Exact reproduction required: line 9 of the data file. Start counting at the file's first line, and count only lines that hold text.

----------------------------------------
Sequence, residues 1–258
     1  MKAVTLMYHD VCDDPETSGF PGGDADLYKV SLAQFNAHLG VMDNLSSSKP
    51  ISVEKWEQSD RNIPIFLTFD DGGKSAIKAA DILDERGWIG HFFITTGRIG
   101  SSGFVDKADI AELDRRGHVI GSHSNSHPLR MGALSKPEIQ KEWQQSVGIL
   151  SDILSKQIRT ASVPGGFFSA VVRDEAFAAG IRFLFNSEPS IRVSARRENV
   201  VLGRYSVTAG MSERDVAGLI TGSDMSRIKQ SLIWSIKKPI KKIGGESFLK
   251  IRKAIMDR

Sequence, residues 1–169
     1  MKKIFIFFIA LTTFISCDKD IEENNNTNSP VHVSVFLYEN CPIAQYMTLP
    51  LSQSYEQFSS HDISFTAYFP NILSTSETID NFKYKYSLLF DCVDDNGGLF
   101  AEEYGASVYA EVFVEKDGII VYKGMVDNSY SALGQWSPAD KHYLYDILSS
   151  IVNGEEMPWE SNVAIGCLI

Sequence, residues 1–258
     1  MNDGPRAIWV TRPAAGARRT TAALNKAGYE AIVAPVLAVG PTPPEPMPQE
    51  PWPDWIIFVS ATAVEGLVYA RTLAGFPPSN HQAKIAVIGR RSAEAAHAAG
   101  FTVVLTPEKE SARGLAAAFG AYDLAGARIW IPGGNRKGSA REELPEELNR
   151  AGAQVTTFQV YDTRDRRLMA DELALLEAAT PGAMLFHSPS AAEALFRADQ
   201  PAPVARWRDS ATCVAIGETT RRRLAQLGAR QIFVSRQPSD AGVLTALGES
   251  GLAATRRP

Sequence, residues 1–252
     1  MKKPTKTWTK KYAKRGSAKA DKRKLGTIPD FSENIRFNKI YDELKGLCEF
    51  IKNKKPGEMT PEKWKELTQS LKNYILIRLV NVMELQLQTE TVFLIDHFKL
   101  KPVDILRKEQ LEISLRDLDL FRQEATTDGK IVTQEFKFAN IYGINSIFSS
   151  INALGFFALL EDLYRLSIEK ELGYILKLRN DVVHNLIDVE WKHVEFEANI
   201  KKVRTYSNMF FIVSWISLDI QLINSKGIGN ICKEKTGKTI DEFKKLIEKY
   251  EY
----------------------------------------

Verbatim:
     1  MKKIFIFFIA LTTFISCDKD IEENNNTNSP VHVSVFLYEN CPIAQYMTLP